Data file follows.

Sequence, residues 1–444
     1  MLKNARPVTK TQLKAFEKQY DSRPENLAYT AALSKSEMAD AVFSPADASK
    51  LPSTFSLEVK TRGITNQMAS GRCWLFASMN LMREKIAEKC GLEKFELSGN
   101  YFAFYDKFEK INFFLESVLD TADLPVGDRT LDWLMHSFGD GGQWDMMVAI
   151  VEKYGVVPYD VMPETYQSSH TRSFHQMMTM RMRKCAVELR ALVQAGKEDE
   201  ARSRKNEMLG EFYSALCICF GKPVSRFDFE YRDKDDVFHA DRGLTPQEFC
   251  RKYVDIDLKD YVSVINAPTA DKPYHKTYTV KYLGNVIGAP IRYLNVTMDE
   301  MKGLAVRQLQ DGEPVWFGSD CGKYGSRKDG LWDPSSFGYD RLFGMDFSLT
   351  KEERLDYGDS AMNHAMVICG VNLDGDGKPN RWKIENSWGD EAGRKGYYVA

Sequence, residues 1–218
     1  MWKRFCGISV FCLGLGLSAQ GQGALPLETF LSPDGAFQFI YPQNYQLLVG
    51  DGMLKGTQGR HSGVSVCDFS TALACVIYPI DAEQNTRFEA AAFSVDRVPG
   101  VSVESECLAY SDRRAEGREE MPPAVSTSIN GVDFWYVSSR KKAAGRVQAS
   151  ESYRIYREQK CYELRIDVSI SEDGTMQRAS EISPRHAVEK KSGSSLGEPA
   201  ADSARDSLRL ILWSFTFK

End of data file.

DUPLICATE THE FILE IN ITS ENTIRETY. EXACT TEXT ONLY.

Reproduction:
Sequence, residues 1–444
     1  MLKNARPVTK TQLKAFEKQY DSRPENLAYT AALSKSEMAD AVFSPADASK
    51  LPSTFSLEVK TRGITNQMAS GRCWLFASMN LMREKIAEKC GLEKFELSGN
   101  YFAFYDKFEK INFFLESVLD TADLPVGDRT LDWLMHSFGD GGQWDMMVAI
   151  VEKYGVVPYD VMPETYQSSH TRSFHQMMTM RMRKCAVELR ALVQAGKEDE
   201  ARSRKNEMLG EFYSALCICF GKPVSRFDFE YRDKDDVFHA DRGLTPQEFC
   251  RKYVDIDLKD YVSVINAPTA DKPYHKTYTV KYLGNVIGAP IRYLNVTMDE
   301  MKGLAVRQLQ DGEPVWFGSD CGKYGSRKDG LWDPSSFGYD RLFGMDFSLT
   351  KEERLDYGDS AMNHAMVICG VNLDGDGKPN RWKIENSWGD EAGRKGYYVA

Sequence, residues 1–218
     1  MWKRFCGISV FCLGLGLSAQ GQGALPLETF LSPDGAFQFI YPQNYQLLVG
    51  DGMLKGTQGR HSGVSVCDFS TALACVIYPI DAEQNTRFEA AAFSVDRVPG
   101  VSVESECLAY SDRRAEGREE MPPAVSTSIN GVDFWYVSSR KKAAGRVQAS
   151  ESYRIYREQK CYELRIDVSI SEDGTMQRAS EISPRHAVEK KSGSSLGEPA
   201  ADSARDSLRL ILWSFTFK